When Self-Regulation Works

August 11, 2012 • Ethics and Quality • by

It’s not every day that an American trade journal like the Columbia Journalism Review (CJR) shows serious interest in something happening outside the U.S.

Recently, however, the journal  dedicated a long story to Scandinavian countries. In a piece titled “Self-Regulation Done Right,” CJR provided a shining overview, including many examples of how journalistic self-control and monitoring can help build credibility for journalism – assuming there’s adequate reportage covering  the work of press councils.

Such efforts on behalf of the media are frequently lacking in Austria and Germany, while Switzerland seems to come closest to the Scandinavian ideal in the German-speaking world. The trilingual Swiss press council contributes its share to establishing a greater sense of quality consciousness in newsrooms. Yet many Swiss newsrooms remain well aware that the press council needs the support of journalists to secure a fluid newsgathering environment.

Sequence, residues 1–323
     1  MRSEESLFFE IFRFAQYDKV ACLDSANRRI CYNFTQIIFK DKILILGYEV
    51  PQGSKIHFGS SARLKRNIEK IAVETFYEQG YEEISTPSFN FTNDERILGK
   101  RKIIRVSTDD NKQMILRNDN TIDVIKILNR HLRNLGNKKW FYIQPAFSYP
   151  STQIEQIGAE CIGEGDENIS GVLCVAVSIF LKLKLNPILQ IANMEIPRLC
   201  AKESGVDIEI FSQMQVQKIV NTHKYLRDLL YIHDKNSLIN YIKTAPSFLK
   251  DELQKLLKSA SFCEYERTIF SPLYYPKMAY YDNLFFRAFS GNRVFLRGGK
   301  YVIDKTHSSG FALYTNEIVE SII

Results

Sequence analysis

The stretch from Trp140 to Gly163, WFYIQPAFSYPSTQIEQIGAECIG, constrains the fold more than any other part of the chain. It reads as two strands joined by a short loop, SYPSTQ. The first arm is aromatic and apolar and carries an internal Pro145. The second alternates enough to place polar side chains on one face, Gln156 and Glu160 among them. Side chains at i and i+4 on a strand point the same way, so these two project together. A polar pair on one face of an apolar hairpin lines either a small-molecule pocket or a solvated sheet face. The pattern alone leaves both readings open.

CJR’s report on Nordic countries is too good to be true in Austria and Germany: “The news outlets voluntarily submit themselves to the council’s judgements because it shows their audience that they are responsible, accountable, and fair…Newspapers print a small note, and radio and television broadcasters read a short message on air.”

Unfortunately, it is not at all easy to develop a similar culture in Germany and Austria which combines openmindedness toward self criticism with striving for credibility. To the contrary, in Vienna yellow press papers like the powerful Kronenzeitung and more recently Österreich are actually trying to intimidate and to sue the press council.


Published in Die Furche, Nr. 32 v. 9.8.2012


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